An interesting part of the “book house” is its inhabitants: bats. At night these flying mammals feed on insects that like to chomp away at the old texts. At the end of each day, workers cover the wooden surfaces with leather towels for their nocturnal friends, and then clean the area in the morning before the public arrives. Entrance to the library is free.
Once done rummaging through the antique books, be sure to check out the university’s 33-acre botanical garden located on Calçada Martim de Freitas. Founded in the 18th century, Jardim Botânico has delighted students and visitors for over 200 years with elegant fountains, rare plant specimens and breezy walkways. Because playing outside is so much more fun than studying, right?
Coimbra’s Old Cathedral was built during the second half of the 12th century and is a major Roman Catholic institution for the city as well as the country. It was built atop the foundation of an earlier Islamic mosque, and many of its architectural features, like the main door for instance, are reminiscent of Moorish design.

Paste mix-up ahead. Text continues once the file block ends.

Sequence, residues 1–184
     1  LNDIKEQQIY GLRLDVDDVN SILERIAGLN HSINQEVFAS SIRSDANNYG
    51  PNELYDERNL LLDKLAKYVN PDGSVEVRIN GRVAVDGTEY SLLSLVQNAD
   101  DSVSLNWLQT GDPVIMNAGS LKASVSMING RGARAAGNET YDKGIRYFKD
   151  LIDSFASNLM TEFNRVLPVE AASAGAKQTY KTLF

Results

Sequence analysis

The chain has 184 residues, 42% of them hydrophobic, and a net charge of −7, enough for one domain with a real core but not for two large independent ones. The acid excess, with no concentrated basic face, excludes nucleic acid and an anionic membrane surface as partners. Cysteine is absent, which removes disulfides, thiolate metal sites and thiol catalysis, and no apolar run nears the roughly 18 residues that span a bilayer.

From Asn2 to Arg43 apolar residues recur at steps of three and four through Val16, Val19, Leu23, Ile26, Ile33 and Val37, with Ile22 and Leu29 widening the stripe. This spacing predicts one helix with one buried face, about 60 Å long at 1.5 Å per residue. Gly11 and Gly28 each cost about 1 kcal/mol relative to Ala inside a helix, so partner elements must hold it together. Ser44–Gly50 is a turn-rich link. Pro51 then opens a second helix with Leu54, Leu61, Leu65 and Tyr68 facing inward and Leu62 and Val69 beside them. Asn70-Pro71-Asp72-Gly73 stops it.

The Old Cathedral’s significance began in 1139 when Afonso Henriques declared himself King of Portugal and Coimbra as his new capital. The structure is one of the few Portuguese Romanesque cathedrals still standing. Its fortress-like exterior is no accident. The years following the expulsion of the Moors from the Iberian Peninsula were perilous ones, which resulted in buildings having to be safeguarded against possible retaliation attempts from the land’s previous residents.
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The interior of the cathedral features later add-ons such as the gothic-style high altars and cloister, and 16th century Sevillan tiles. The Old Cathedral is open everyday from 10 a.m. to 6 p.m., but admission times are subject to change when mass is in session.
As the main pedestrian street in Coimbra, Rua Visconde da Luz runs through the center of town from the Mondego River until just past the Santa Cruz Monastery. Along the way there are dozens of local business offices, restaurants, tourist shops, cafés and boutiques. At almost any time of day there are dozens of people walking the street running errands or casually strolling. This is a great way to discover the Baixa quarter and pick up souvenirs for people back home.
Known as Coimbra’s most important national monument, the Santa Cruz Monastery has been standing since being founded in 1131. It was dedicated to the order of St. Augustine and was used as a meeting place for clergymen and nobles alike, including Portugal’s first king. At the time it was built, the monastery established Coimbra as a legitimate capital and cemented its ties to the Roman Catholic Church. For this, the monastery was granted special privileges by Pope Innocent II, which resulted in a remarkable amassment of wealth for King Afonso Henriques’ budding nation.